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My Interview on WebDevRadio

I had the honour and pleasure of being interviewed by Michael Kimsal for his WebDevRadio podcast a few weeks ago. The episode was published last week and is now available for listening and/or downloading from the podcast website, as well as via iTunes.

For those of you that don't know Michael, you're missing out. I met him at NCDevCon and found him to be an extremely pleasant, funny and smart individual. I enjoyed my chats with him at the conference, and really enjoyed discussing all sorts of topics with him for the podcast, including, but not limited to, how I came to develop using ColdFusion, contributing to open source projects, test-driven development and unit testing in general, and object-relational mapping (ORM) in ColdFusion. I also really appreciated the opportunity to have my voice heard outside of the ColdFusion community.

Checking for JavaScript Errors with Selenium

I've recently been writing some end-to-end tests for ValidateThis, my validation framework for ColdFusion objects, using Selenium. One of the things I wanted to test were the client-side validations that the framework generates automatically. Selenium makes it very easy to test these, as I can use Selenium's assertText command to locate failure messages that have been generated by the jQuery Validation plugin, using XPath, and check whether the message is what I expected.

I found, however, that I was often getting JavaScript errors when the page first loaded (because I was working on the JS and was introducing errors), so I was looking for a quick way to add an assert to my test to check whether any JS errors occurred. After some Googling I came to the conclusion that there is nothing built into Selenium to support this, but there are a number of hacks that can be used to accomplish it. I'm going to describe one of them here. Let me state again, for the record, that this is pretty hacky. I'd love to hear from others who may have better solutions.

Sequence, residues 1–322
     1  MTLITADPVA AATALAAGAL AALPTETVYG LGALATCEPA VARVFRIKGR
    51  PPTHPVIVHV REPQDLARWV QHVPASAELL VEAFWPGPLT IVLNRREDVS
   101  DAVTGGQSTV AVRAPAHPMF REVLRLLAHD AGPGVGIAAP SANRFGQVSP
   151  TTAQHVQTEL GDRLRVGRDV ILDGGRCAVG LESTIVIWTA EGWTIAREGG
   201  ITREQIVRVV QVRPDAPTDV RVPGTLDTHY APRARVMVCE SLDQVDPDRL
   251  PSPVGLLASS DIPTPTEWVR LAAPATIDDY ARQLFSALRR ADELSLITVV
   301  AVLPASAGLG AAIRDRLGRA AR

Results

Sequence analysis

I simply add a script to my page that will catch any JS errors by intercepting the window.onerror event:

view plain print about
1<script type="text/javascript">
2    window.onerror=function(msg){
3        $("body").attr("JSError",msg);
4    }

This will cause an attribute called JSError with a value corresponding to the JavaScript error message to be added to the body tag of my document if a JavaScript error occurs. Note that I'm using jQuery to do this, so this specific example won't work if jQuery fails to load. Then, in my Selenium test, I just use the command assertElementNotPresent with a target of //body[@JSError]. Now, if any JavaScript errors occur on the page my test will fail and I'll know I have to address them first. If, for some strange reason, I want to check for a particular JavaScript error, I could use the assertElementPresent command with a target of //body[@JSError='the error message'].

Note that I'm using this with a test fixture page, it's not an actual page that is part of an application. I'm not sure that this would be very useful in an automated testing environment, I'm just using it for some TDDing, where I want to write an end-to-end acceptance test first, and then write my unit tests. Getting the test to fail because of a JavaScript error is a nice way, imo, of satisfying the criteria that I must have a failing test before writing code to make it work. The usefullness of this technique in terms of pure testing is questionable, but I find it useful for my purposes, so I thought I'd put it out there for others.

Some Benefits of Unit Testing

I must start by saying that, as much as I like option groups, I love Unit Testing. I had written previously that I Like Unit Testing, but that brief infatuation has blossomed into a full blown love affair. I have two people/groups to thank for that, Paul Marcotte and the MXUnit Team, who produce an excellent suite of unit testing tools for ColdFusion.

I met with Paul in the Toronto airport a couple of weeks ago during a brief stopover (his, not mine) and he walked me through his current methodology for unit testing. He really cleared up some areas of confusion for me, and essentially handed over a set of practices that makes everything oh so easy. He's been blogging about his technique in a series that I heartily recommend.

And what can I say about MXUnit that hasn't already been said? It totally rocks! The Eclipse Plugin is da bomb! If you haven't checked it out, do so. Now. 'Nuff said.

So when do I get to hear about "Some Benefits of Unit Testing", you may be asking? Read on.


I Like Unit Testing

I never imagined that I'd say those words, but they're true. I must start by admitting that I wrote my first unit test a few days ago. I know, I'm bad, I should have been doing this for years. I've known about unit testing for a long time, I've been reading more and more about it, and listening to speakers at conferences extol its virtues. But somehow I just couldn't get my a$$ in gear. It just seemed like too much extra work. And as a sole developer working on relatively small projects I was able to get away with not doing it.

Anyway, I read a blog post a few days ago that inspired me to take the plunge. The post describes unit testing with CFUnit, but I'd been hearing a lot of good things about MXUnit, so I decided to give that a try.